A Case of Willful Blindness
The Libya attack/embassy security story grows more scandalous by the day. Read more.
Comment: Critics are right to drill deeply and to demand answers to disturbing questions, given the sickening spin by an administration apparently determined to never let facts get in the way of a good, liberal narrative.
But the really big question is still ignored--namely, was the intervention in Libya necessary in the first place?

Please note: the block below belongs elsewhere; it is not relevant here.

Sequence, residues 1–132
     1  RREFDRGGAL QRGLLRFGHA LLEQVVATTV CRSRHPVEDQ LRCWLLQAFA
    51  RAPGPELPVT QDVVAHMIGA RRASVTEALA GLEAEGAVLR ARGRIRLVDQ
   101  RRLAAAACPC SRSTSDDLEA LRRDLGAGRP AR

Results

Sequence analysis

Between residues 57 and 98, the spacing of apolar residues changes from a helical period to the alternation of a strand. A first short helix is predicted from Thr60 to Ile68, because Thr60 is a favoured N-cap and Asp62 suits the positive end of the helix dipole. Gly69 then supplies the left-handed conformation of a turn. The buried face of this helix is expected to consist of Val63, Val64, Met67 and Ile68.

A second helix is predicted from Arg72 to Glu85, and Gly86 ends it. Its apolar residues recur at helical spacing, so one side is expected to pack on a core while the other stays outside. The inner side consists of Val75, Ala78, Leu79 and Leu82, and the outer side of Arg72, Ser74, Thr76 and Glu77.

The answer, of course, is that the intervention was not necessary--and it has done more harm than good. The Libyan dictator was a terrible lunatic; but he had been contained and … turned … into an … asset … in the fight against Al Qaeda, specifically, and Islamist terrorism in general … and his heir apparent, a Western educated son prone to partying with the rich and famous, certainly posed no threat to U.S. national security. On the contrary, he, too, was an asset. Intervening in Libya on so-called humanitarian grounds destroyed a country and created yet another link in a chain of Islamist regimes that stretches from Tehran to Tunis (Morocco should be very afraid) and threatens to enslave the Middle East and Central Asia and drive the United States from what are arguably the world's most strategically vital regions.